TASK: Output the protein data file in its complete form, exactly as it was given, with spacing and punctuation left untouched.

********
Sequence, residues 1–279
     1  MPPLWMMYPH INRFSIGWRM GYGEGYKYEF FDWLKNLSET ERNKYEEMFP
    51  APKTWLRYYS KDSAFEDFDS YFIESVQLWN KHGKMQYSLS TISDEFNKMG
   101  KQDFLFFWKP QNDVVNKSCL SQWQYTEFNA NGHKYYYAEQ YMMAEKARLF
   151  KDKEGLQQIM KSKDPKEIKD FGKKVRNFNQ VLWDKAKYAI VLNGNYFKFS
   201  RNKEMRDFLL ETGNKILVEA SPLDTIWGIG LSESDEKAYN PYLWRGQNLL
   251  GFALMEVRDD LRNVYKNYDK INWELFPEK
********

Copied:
Sequence, residues 1–279
     1  MPPLWMMYPH INRFSIGWRM GYGEGYKYEF FDWLKNLSET ERNKYEEMFP
    51  APKTWLRYYS KDSAFEDFDS YFIESVQLWN KHGKMQYSLS TISDEFNKMG
   101  KQDFLFFWKP QNDVVNKSCL SQWQYTEFNA NGHKYYYAEQ YMMAEKARLF
   151  KDKEGLQQIM KSKDPKEIKD FGKKVRNFNQ VLWDKAKYAI VLNGNYFKFS
   201  RNKEMRDFLL ETGNKILVEA SPLDTIWGIG LSESDEKAYN PYLWRGQNLL
   251  GFALMEVRDD LRNVYKNYDK INWELFPEK